Tom yum goong, or Tom Yum soup, is a bold, bright, herbaceous Thai soup that has become one of the most iconic dishes in all of Thailand. With its hot, sour, salty and fragrant flavors all coming together in a beautiful broth, it’s easy to see why Tom Yum is so beloved around the world.
A Fiery and Fragrant Thai Classic
Tom Yum gets its distinctive hot, sour and aromatic flavors from the combination of lemongrass, kaffir lime leaves, galangal and Thai chiles. These ingredients infuse the broth with layers of herbaceous citrus flavors and subtle heat. Tom Yum can be made with various types of protein, but it is most commonly known for its use of plump, juicy shrimp (tom yum goong).
The culinary history of Tom Yum stretches back hundreds of years. Some historians trace its origins to the Rattanakosin period in Thailand (1782–1852), when it was commonly made by the Mon people, an ethnic group from Myanmar who settled in central Thailand. The Mon people were influential in developing Thai cuisine and culture.
From its ancient origins, Tom Yum grew to become one of the most ubiquitous dishes in Thailand, served everywhere from street food stalls to five-star hotels. It is considered an essential part of Thai culinary heritage. The combination of hot, sour, salty and sweet flavors perfectly encapsulates the Thai palate.
Tom Yum’s Fiery Ingredients
Several ingredients work together to create the hot, fragrant and complex flavors of Tom Yum soup. Here are some of the essential elements:
|Kaffir lime leaves
|Intense lime zestiness
|Piney, citrus notes
Proper prep of these ingredients coaxes out their maximum flavor and aroma into the broth. Taking time to prepare components like bruising lemongrass and toasting galangal makes a difference you can taste.
Protein Options for Tom Yum
While shrimp is the most popular choice, Tom Yum can be made with various types of protein. Here are some of the most common:
- Shrimp – Tender, plump shrimp pair perfectly with the hot broth. The shells contribute flavor as they simmer.
- Chicken – Sliced chicken breast or thigh brings easy protein. Quick cooking avoids overcooking.
- Fish – Delicate white fish like snapper or cod works well. The broth gently cooks the fish.
- Tofu – For a meatless take, cubes of firm tofu can soak up the Tom Yum flavors.
- Mushrooms – Meaty mushrooms like cremini or oyster mushrooms add earthy qualities.
No matter what protein is used, it’s added at the end to gently cook through without overdoing it. This helps keep the protein tender and moist.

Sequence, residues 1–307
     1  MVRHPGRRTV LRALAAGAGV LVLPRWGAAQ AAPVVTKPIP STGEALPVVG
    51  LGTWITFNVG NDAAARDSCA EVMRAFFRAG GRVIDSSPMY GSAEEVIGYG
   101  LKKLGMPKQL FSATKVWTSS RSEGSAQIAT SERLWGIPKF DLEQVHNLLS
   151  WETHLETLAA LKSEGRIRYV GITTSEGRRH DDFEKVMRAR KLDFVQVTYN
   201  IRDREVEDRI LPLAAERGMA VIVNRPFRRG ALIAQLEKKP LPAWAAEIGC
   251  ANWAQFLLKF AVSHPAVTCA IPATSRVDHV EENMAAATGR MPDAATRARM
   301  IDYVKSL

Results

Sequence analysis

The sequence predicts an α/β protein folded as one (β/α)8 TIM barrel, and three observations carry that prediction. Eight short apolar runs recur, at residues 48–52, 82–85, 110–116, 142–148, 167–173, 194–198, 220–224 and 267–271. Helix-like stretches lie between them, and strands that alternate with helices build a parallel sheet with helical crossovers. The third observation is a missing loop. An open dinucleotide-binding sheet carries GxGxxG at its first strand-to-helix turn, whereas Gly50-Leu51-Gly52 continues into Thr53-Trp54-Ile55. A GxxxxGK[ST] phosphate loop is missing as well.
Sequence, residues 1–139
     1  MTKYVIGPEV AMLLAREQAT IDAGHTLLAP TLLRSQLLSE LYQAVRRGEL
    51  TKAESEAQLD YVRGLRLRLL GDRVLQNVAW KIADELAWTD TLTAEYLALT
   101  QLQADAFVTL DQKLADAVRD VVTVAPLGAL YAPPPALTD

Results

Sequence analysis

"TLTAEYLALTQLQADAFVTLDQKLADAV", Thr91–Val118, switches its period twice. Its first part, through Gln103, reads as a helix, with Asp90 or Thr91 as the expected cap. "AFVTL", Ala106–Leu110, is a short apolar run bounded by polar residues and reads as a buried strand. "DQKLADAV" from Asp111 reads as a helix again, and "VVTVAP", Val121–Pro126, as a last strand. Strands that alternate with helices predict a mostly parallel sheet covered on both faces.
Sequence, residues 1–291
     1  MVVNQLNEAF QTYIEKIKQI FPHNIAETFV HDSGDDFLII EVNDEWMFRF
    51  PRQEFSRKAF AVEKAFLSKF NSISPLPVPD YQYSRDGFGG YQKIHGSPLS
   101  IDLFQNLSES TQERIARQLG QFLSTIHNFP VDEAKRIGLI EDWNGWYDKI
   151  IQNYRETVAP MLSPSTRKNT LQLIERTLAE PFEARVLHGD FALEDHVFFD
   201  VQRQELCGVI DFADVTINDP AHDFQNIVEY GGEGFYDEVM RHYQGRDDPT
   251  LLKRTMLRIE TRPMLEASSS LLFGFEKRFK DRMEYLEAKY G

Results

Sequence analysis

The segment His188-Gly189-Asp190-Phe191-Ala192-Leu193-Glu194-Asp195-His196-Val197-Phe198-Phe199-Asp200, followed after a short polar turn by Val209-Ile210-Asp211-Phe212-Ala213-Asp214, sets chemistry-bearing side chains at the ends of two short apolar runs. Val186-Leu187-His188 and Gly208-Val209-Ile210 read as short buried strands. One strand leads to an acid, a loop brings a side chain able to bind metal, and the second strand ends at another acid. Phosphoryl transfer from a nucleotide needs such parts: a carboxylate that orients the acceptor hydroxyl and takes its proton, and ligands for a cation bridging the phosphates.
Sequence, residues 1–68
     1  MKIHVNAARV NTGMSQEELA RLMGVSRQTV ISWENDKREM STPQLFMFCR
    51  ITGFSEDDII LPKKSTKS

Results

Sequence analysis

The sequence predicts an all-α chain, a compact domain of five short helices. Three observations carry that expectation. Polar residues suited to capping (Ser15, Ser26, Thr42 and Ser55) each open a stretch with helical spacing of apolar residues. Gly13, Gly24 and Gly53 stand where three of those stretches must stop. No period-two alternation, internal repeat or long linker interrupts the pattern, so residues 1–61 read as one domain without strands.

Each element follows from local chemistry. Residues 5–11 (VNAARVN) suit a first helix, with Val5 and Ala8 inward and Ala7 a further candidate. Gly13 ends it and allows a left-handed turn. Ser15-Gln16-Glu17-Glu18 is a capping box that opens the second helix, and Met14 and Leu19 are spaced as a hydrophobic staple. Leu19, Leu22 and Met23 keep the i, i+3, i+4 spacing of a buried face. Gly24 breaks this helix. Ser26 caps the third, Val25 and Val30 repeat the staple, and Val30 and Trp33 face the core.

Tips for an Authentic Tom Yum
To make the most flavorful, authentic Tom Yum soup at home, keep these tips in mind:
|Make the broth first
|Lets aromatics fully infuse
|Use fresh ingredients
|Essential for best flavor
|Bruising releases flavor
|Allows better infusion
|Add protein at end
|Finish with lime & cilantro
Taking a little extra time to prep and simmer the broth pays off in the end with a Thai classic that’s authentic and well-balanced.
Tom Yum Variations
Once you master the traditional Tom Yum Goong (with shrimp), there are many ways to vary this iconic soup. Get creative with different add-ins, proteins and garnishes.
- Tom Yum Talay – A seafood lover’s dream with shrimp, squid, mussels and fish.
- Tom Yum Gai – Chicken offers a milder, more subtle flavor.
- Tom Yum Pla – Showcase fresh white fish like snapper or bass.
- Tom Yum Nua – Thinly sliced beef adds hearty flavor and texture.
- Tom Khlong – Spicy sour tamarind soup that forgoes the coconut milk.
- Tom Saab – A northern style Tom Yum with dill and pork ribs.
- Vegan Tom Yum – Use mushrooms, tofu and lots of veggies.
The possibilities are endless! Tom Yum is the perfect canvas for improvisation while keeping its iconic hot, sour and aromatic flavors.
How to Cook Authentic Tom Yum Goong
Making authentic Tom Yum Goong at home is easy to do with the right ingredients and techniques. Follow these steps for best results:
|Low-sodium chicken or vegetable broth
|Fresh lemongrass stalks, trimmed and bruised
|Kaffir lime leaves
|Knob of galangal, sliced
|Medium shrimp, peeled and deveined
|Cilantro for garnish
- Prep aromatics: Trim lemongrass stalks, bruise and slice galangal, tear lime leaves.
- Make broth: Add broth, lemongrass, lime leaves, galangal and chiles to a pot. Simmer 20 mins.
- Prep shrimp: Peel, devein and rinse shrimp. Pat very dry.
- Cook shrimp: Add shrimp to simmering broth and cook just until pink, 1-2 mins.
- Season: Stir in fish sauce and lime juice. Taste and adjust seasoning as needed.
- Serve: Ladle Tom Yum into bowls and garnish with torn cilantro. Enjoy!
With its complex medley of hot, sour and salty flavors, this Thai classic is irresistible. Adjust spice level by adding fewer chiles and squeeze over more lime juice to taste. Now that you know how to make authentic Tom Yum Goong, impress your friends and family with this iconic Thai dish. For more global flavor inspirations, check out our guide to must-try iconic local dishes from around the world. Happy cooking!